A motorcyclist’s lack of protection in the event of an accident makes riders particularly vulnerable to catastrophic injuries such as traumatic brain injury (TBI). According to the U. S. National Highway Traffic Safety Administration, motorcyclists suffer TBIs resulting in death about 26 times more often than persons riding in automobiles, based on distance travelled. In Canada, the risk of fatal injuries is closer to half that reported in the United States likely because wearing a helmet is mandatory in all provinces and territories. Helmets are a motorcycle rider’s only protection against head injuries and riders wearing helmets are significantly less likely to suffer a brain injury.
The frequency of motorcycle accident fatalities has increased in North America in recent decades, largely due to the increase in traffic and congestion on our roads. In 2019, the B. C. Coroners Service reported a 50 percent increase in motorcycle deaths. And, in 2017, Ontario experienced a 10-year high in fatal motorcycle accidents.
Foniciello, et al. v. Bendall and Acculine is a recent lawsuit that arose after a 44-year old St. Thomas resident, Joe Foniciello, sustained a traumatic brain injury in a London Ontario motorcycle accident. The plaintiff was struck by a van at an intersection where Acculine Pavement Markings was making pavement markings. A jury found the van driver, Mr. Bendall, 60 percent liable for the plaintiff’s damages and Acculine 40 percent liable.
Unfortunately, his helmet did not protect Mr. Foniciello from sustaining a serious traumatic brain injury when he was struck by Mr. Bendall’s van. The plaintiff’s injury is characterized as a diffuse axonal injury, including injury to both his frontal and temporal lobes. As a result of the brain injury, the plaintiff was in a semi-conscious state for about five months.
Since the accident, Mr. Foniciello underwent extensive rehabilitation treatments and medical assessments, including neuropsychological testing, and given the seriousness or his brain injury, he has made remarkable gains in his ability to function and he no longer has any significant physical impairments. However, the plaintiff has suffered permanent cognitive, intellectual and behavioural impairments. His impairments include: difficulty with mental processing including thinking, reasoning and understanding complex ideas; poor impulse control; easily distracted; memory problems; needs regular direction from his caregivers; emotional impulses sometimes leading to destructive and aggressive behaviour; and feeling either agitated and frustrated, or entirely unemotional.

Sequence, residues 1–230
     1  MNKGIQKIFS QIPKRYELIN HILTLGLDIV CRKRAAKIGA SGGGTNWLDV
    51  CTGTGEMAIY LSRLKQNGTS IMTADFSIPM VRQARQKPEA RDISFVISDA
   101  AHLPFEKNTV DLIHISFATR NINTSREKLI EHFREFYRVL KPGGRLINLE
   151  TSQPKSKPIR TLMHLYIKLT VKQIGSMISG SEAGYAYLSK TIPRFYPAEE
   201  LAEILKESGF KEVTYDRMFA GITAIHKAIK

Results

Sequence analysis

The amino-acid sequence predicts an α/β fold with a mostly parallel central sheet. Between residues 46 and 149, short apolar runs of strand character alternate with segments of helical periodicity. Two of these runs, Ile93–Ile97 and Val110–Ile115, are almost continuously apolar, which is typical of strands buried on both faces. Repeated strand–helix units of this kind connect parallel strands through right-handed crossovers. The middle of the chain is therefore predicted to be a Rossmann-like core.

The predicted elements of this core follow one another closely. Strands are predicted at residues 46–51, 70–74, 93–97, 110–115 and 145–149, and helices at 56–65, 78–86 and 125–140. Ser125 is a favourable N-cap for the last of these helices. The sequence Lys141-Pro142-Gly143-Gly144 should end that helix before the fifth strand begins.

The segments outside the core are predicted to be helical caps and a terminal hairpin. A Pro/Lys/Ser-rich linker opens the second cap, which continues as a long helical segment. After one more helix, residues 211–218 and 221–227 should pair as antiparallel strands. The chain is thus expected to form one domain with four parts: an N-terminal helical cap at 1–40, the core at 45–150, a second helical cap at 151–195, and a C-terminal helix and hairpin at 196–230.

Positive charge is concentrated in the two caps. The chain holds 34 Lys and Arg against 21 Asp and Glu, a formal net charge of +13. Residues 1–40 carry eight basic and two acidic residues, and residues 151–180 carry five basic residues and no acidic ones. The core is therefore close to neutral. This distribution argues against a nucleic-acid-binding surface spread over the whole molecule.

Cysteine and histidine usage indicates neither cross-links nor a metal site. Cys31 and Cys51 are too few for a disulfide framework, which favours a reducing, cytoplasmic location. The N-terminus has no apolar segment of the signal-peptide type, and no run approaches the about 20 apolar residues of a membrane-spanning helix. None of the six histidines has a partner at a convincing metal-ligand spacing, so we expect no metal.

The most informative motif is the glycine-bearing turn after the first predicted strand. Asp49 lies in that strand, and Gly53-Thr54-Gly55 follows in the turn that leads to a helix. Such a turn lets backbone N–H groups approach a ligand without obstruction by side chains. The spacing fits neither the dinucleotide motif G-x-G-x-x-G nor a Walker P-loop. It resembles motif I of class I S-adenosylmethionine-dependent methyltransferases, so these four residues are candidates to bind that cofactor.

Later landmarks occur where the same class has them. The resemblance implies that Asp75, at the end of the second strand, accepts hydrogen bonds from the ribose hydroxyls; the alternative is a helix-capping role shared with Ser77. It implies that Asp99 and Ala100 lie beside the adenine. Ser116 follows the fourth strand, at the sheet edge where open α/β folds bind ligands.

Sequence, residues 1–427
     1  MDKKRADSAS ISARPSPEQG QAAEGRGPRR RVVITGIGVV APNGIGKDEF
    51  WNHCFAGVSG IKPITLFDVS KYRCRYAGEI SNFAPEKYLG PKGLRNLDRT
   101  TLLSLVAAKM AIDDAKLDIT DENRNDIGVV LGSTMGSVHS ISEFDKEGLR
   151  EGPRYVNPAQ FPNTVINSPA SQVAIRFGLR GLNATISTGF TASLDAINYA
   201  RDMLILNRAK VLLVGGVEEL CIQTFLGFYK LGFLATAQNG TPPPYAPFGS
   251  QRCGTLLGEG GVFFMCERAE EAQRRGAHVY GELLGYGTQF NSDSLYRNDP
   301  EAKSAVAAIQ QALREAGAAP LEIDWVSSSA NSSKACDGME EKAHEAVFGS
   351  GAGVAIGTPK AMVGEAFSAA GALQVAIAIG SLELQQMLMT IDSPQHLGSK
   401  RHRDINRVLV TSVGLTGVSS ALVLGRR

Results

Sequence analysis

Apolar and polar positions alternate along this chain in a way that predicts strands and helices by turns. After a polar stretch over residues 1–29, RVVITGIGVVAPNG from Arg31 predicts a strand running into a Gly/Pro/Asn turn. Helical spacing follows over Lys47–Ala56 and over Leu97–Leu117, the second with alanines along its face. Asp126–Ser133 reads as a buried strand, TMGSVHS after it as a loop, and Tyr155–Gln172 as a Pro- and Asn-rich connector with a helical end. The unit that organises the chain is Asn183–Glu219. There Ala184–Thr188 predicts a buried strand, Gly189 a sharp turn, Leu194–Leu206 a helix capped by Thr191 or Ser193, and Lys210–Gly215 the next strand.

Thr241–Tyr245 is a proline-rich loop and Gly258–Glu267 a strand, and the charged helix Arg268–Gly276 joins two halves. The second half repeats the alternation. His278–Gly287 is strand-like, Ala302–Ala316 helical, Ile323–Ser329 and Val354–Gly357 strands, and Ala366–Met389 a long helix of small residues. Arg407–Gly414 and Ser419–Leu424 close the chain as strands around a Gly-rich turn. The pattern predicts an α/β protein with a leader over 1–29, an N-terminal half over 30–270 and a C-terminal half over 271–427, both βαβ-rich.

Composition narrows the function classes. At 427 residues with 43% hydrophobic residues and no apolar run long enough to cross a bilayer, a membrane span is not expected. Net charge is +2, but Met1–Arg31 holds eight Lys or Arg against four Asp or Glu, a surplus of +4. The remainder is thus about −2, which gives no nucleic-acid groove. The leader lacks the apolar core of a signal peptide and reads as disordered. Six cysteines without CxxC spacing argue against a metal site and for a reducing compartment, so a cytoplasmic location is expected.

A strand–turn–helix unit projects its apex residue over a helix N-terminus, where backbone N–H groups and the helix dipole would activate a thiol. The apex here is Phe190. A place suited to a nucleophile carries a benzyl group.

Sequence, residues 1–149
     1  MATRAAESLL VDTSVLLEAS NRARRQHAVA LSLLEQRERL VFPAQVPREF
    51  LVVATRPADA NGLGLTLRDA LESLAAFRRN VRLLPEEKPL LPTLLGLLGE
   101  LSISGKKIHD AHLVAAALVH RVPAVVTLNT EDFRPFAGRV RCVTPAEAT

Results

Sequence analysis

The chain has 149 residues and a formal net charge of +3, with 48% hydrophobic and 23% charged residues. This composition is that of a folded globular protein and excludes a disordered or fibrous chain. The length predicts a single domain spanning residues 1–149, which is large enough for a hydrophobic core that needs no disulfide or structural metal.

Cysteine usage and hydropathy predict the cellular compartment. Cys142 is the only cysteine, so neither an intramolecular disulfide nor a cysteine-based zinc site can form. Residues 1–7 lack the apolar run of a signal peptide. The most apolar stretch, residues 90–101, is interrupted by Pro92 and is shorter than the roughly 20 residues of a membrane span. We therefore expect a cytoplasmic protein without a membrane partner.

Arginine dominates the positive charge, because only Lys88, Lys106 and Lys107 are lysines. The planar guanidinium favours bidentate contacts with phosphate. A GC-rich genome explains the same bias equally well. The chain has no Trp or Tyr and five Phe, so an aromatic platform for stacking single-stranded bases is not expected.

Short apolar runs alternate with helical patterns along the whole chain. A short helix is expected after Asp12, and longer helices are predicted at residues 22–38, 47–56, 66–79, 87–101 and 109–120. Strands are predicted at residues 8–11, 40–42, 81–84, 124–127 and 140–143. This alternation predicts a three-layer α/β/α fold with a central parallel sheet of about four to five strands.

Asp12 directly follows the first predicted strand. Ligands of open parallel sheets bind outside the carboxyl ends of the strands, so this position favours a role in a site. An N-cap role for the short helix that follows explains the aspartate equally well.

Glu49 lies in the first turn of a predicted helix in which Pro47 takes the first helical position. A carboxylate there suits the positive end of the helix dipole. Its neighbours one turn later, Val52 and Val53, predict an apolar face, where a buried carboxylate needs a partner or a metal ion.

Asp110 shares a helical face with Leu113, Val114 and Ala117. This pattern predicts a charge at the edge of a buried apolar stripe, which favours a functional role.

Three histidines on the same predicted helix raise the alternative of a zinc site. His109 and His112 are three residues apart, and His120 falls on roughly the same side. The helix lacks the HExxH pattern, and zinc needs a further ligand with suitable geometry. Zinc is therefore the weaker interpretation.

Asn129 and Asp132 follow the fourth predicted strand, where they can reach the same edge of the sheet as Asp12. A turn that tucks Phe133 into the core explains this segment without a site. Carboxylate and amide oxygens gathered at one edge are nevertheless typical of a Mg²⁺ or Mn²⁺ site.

The plaintiff’s social interaction with family members and others has been significantly impacted by his impairments, as his conversations are awkward and he can only reply to premeditated questions and not to any new topics or questions. He is able to perform scripted and pre-defined everyday activities, such as getting dressed and making his own breakfast, going to the grocery store (if he has a list of required items) and attending doctor’s appointments on his own. However, the plaintiff will continue to need help with many tasks, including management of his finances, preparing meals, and determining scripts and to-do lists for many normal functions.
The plaintiff can never return to work because his cognitive problems make it difficult to learn how to perform new tasks or any job; he cannot adapt to any change in routines; he is unable to work at a productive pace; and there are safety concerns arising from his cognitive impairments. Finally, the plaintiff’s brain injury places him at a four times greater risk of developing dementia.
On the basis of his assessed losses, the judge awarded the following damages to the plaintiff.
- General damages (for loss of enjoyment in life): $275,000
- Future loss of income: $524,229
- Past medical and rehabilitation expenses: $51,282
- Future medical and rehabilitation expenses: $1,899,969
- Attendant care expenses: $764,411
- Management fee (5 percent of above amounts): $175,794
The plaintiff’s wife, Mary Foniciello was awarded the following damages.
- Non-pecuniary damages (under the Family Law Act): $50,000
- Future counselling costs: $10,543
- Value of caregiving services provided to the plaintiff: $122,254
The Court also awarded $25,000 in damages for loss of guidance, care and companionship to the plaintiff’s elderly mother, as well as $40,000 each to his two adult daughters.
If you were hurt in a motorcycle accident, talk to an experienced London injury lawyer or a motorcycle accident lawyer in your community, to learn about your legal rights and how you can obtain fair compensation for your losses.